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U.S. Equal Employment Opportunity Commission



PRESS RELEASE
8-22-12

Grand Prairie Burger King Franchisee Sued by EEOC for Religious Discrimination

Teen Employee Fired for Refusing to Comply with Company Dress Code, Federal Agency Charges

DALLAS – Fries Restaurant Management, LLC, the owners / operators of a Grand Prairie, Texas Burger King, violated federal law by firing a cashier on her first day of work because of her religion, Christian Pentecostal, the U.S. Equal Employment Opportunity Commission (EEOC) charged in a lawsuit it filed today.

According to the EEOC’s lawsuit, (Civil Action No. 3:12-cv-03169-M), filed in the U.S. District Court for the Northern District of Texas, Ashanti McShan, a member of the Pentecostal Church, adheres to an interpretation of the scripture about the wearing of clothing that is befitting of specific gender. She informed the company of this aspect of her faith during the job interview, and was told that she could work in a skirt instead of the Burger King uniform pants. However, the EEOC said, when Ms. McShan arrived at orientation, she was told by store management that her skirt was an unacceptable alternative and subsequently sent home. McShan’s calls to higher management went unreturned and she was never asked to return to work, the EEOC said.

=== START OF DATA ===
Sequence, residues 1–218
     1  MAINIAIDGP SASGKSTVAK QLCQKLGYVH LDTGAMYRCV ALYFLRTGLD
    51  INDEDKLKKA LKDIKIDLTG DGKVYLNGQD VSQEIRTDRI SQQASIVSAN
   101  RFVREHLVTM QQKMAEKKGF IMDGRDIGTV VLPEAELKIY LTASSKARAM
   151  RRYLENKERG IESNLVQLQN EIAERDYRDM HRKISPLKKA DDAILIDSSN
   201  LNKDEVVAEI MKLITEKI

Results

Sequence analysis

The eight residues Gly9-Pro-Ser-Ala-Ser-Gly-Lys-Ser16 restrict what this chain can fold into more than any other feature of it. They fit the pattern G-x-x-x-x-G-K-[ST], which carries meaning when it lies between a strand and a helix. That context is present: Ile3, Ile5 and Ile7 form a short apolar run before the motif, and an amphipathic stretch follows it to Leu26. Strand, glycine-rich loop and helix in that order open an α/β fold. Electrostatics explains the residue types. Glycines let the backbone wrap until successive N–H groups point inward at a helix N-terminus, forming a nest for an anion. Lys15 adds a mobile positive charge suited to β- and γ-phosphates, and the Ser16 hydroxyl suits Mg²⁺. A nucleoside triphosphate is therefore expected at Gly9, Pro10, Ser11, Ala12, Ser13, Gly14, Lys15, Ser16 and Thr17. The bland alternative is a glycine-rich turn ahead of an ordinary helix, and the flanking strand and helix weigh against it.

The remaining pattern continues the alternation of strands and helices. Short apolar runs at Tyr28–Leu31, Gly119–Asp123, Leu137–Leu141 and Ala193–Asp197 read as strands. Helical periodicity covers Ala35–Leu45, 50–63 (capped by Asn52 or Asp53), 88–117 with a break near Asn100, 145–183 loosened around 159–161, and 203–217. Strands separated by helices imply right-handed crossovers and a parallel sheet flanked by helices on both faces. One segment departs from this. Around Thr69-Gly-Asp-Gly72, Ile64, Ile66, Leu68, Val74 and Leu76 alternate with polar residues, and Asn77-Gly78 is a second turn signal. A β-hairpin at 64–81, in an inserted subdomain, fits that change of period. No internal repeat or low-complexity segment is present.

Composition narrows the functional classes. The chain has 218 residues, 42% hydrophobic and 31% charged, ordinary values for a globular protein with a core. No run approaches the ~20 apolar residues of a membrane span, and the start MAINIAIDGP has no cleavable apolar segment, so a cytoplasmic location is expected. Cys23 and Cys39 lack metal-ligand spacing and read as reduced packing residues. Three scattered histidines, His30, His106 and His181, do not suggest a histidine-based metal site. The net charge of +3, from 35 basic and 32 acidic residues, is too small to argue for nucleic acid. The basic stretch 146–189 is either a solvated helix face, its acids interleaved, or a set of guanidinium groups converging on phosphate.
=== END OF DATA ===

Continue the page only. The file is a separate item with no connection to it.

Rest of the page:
Such alleged conduct violates Title VII of the Civil Rights Act of 1964, which prohibits religious discrimination in the workplace. The EEOC filed suit after first attempting to reach a pre-litigation settlement through its conciliation process. The EEOC seeks back pay, compensatory and punitive damages, and injunctive relief to ensure that no further discrimination takes place.

“Accommodating Ms. McShan’s religious beliefs would have been simple and cost the company nothing,” said EEOC Trial Attorney Meaghan Shepard. “Management’s failure to comply with federal law deprived this teenage girl of the opportunity to work during her senior year of high school.”

Regional Attorney Robert A. Canino of the EEOC’s Dallas District Office added, “We haven’t come far enough in our respect of religious liberties at the workplace if we have employers saying that uniform policies trump a religious observance without articulation of any hardship posed by letting an employee ‘hold the pickles’ and ‘hold the lettuce’ while wearing a skirt.”

In fiscal year 2011, more than 4,000 charges of religious discrimination were filed with the EEOC nationwide.

The EEOC enforces federal laws prohibiting employment discrimination. Further information about the EEOC is available on its web site at www.eeoc.gov.